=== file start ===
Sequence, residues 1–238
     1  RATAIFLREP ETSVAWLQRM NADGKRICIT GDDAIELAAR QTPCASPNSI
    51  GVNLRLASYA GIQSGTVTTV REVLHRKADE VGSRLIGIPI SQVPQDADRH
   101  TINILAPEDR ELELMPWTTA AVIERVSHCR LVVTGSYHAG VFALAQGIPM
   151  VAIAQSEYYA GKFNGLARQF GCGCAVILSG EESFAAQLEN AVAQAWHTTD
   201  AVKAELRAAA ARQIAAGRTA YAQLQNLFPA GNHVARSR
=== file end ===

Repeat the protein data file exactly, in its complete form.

Sequence, residues 1–238
     1  RATAIFLREP ETSVAWLQRM NADGKRICIT GDDAIELAAR QTPCASPNSI
    51  GVNLRLASYA GIQSGTVTTV REVLHRKADE VGSRLIGIPI SQVPQDADRH
   101  TINILAPEDR ELELMPWTTA AVIERVSHCR LVVTGSYHAG VFALAQGIPM
   151  VAIAQSEYYA GKFNGLARQF GCGCAVILSG EESFAAQLEN AVAQAWHTTD
   201  AVKAELRAAA ARQIAAGRTA YAQLQNLFPA GNHVARSR